Episode 10: Lynne M. Thomas, Seanan McGuire, Paul Cornell and guest Saladin Ahmed squee in an episode titled “The Linguistic Divide of Pants”, after an amusing anecdote from Seanan regarding pants in the US being overwear, pants in the UK being underwear, and where horrific misunderstandings can arise. This was my favourite episode, with several additions to my “to read” list, including Unpossible by Daryl Gregory (along with The Devil’s Alphabet and Pandemonium), Anno Dracula by Kim Newman and The Hum and the Shiver by Alex Bledsoe (which I heard the first time round as “The Hun and the Sugar”, leading to an odd mental image of German prostitution). There was also an interesting diversion about the way comic characters transform over time, with their actions and dialogue reflecting the world at the time they were written – eg extreme racism (by today’s standards) of Captain America reflecting the racism attitudes towards the Japanese during World War Two.

Episode 11: Lynne M. Thomas, Elizabeth Bear, Seanan McGuire and Catherynne M. Valente squee about different topics, then discuss negative reviews from an author’s perspective and how to review others negatively. Audio quality was a bit variable on this episode, with Cat dropping out a couple of times, and people sounding underwater sometimes. The Apple “drip” error message also recurred a few times, which was rather irritating. Other than that, an enjoyable episode. My “to read” survived intact, as the squeeing was about Stephen King’s It (which I’ve read), Saladin Ahmed’s Throne of the Crescent Moon (I’m waiting for an unaffiliated recommendation), Geoff Ryman’s Was (A Wizard of Oz alternate universe which didn’t grab me) and more discussion on Alex Bledsoe’s The Hum and the Shiver (already on my list). The most interesting part of the podcast was the section at the end about what authors should do when they see a negative review, which then digressed into how to write a negative review without resulting in their audience crushing a new author.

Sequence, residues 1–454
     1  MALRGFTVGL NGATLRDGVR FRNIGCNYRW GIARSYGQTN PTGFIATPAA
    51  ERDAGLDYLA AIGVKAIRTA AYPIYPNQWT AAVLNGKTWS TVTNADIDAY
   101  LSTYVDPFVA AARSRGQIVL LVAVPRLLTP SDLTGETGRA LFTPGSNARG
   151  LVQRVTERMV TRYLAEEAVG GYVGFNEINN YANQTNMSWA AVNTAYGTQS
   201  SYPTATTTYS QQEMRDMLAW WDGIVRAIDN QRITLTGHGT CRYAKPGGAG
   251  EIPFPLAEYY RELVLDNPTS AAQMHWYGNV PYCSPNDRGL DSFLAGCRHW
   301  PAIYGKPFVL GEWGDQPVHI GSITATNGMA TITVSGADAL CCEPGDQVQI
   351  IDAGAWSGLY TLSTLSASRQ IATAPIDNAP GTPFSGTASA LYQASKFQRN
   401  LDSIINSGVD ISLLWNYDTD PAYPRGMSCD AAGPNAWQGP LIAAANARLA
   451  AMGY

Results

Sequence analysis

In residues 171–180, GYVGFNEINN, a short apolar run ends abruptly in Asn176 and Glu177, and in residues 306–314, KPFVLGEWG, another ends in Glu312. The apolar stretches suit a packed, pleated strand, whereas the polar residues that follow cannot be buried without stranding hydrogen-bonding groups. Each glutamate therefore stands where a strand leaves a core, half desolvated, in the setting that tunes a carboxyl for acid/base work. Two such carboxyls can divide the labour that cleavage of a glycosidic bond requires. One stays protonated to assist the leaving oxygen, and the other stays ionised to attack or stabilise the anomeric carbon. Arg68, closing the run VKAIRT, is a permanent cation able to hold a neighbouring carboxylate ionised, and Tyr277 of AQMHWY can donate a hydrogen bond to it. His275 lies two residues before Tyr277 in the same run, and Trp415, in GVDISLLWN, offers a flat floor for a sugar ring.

All up I enjoyed the podcast, although found myself getting a bit irritable at all the positiveness – I started to think that I wasn’t getting an unbiased review of various works, (note, personal feeling based solely on the overwhelmingly positive vibe of the podcast, not based on anything factual), which probably says more about me than about the podcast! I also much preferred sections where a few people had consumed a particular work and there was good back and forth discussion on it, rather than a single squee-er. I’m going to add this podcast to my regular list, but I don’t think I’ll listen to several episodes in a row again; I need a dose of “balance” between episodes.

Four Podcasts reviewed, one to go. Next: StarShipSofa.



Best Fancast Background Material:

Short listed in the Best Fancast category for the 2012 Hugos are:

The Coode St Podcast – Jonathan Strahan & Gary K. Wolfe
Galactic Suburbia Podcast  – Alisa Krasnostein, Alex Pierce, and Tansy Rayner Roberts (presenters) and Andrew Finch (producer)
SF Signal Podcast
– John DeNardo and JP Frantz (presenters), Patrick Hester (producer)
SF Squeecast
– Lynne M. Thomas, Seanan McGuire, Paul Cornell, Elizabeth Bear, and Catherynne M. Valente
– Tony C. Smith

In terms of review, I asked each via Twitter / Email and received the following recommendations:

Galactic Suburbia have suggested podcast episodes 32, 36 and 47 as their ‘picks of 2011′ for review.
SF Squeecast has suggested Episode 7 via email, and say that will be the one they link to in the Hugo Voter Packet.
@JonathanStrahan has suggested episodes 65, 71, 74 and one at random of Coode St via Twitter.
@StarShipSofa has suggested episodes 214, 228 & 232 via Twitter.
@atfmb has suggested episodes 26, 30, 49 and 94 of SF Signal via Twitter.